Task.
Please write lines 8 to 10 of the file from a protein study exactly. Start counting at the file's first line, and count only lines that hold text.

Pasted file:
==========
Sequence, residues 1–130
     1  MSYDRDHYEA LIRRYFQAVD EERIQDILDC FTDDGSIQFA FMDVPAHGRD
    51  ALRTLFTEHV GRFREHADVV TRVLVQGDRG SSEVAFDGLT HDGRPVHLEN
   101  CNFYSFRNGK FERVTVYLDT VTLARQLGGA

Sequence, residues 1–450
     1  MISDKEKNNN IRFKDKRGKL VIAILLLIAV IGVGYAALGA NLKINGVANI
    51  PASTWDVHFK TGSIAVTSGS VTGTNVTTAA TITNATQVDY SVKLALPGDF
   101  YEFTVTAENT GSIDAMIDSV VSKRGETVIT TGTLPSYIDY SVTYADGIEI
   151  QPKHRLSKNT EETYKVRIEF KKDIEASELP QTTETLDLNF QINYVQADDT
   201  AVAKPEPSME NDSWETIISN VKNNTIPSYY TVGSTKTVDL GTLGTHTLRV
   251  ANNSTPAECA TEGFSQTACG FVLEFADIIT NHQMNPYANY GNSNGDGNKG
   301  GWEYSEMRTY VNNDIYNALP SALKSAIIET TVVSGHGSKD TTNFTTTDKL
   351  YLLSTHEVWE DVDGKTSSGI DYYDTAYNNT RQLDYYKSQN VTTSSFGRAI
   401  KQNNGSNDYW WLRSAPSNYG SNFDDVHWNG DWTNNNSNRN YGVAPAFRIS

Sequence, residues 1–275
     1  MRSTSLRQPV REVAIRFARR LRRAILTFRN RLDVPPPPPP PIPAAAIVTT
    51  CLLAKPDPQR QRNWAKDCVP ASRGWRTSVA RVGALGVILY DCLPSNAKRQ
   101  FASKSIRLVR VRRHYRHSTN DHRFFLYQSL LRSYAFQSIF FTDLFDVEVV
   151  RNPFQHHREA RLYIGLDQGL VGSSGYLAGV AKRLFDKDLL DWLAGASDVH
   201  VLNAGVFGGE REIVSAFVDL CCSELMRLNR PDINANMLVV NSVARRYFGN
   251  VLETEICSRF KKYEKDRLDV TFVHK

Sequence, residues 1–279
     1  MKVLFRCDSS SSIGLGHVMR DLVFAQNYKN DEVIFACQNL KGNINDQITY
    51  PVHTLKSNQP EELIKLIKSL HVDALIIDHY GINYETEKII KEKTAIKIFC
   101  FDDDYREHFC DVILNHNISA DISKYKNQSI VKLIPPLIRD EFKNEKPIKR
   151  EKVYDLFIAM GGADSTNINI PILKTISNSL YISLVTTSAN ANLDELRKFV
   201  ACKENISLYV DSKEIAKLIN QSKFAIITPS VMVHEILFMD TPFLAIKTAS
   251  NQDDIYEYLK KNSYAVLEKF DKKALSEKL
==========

   101  YEFTVTAENT GSIDAMIDSV VSKRGETVIT TGTLPSYIDY SVTYADGIEI
   151  QPKHRLSKNT EETYKVRIEF KKDIEASELP QTTETLDLNF QINYVQADDT
   201  AVAKPEPSME NDSWETIISN VKNNTIPSYY TVGSTKTVDL GTLGTHTLRV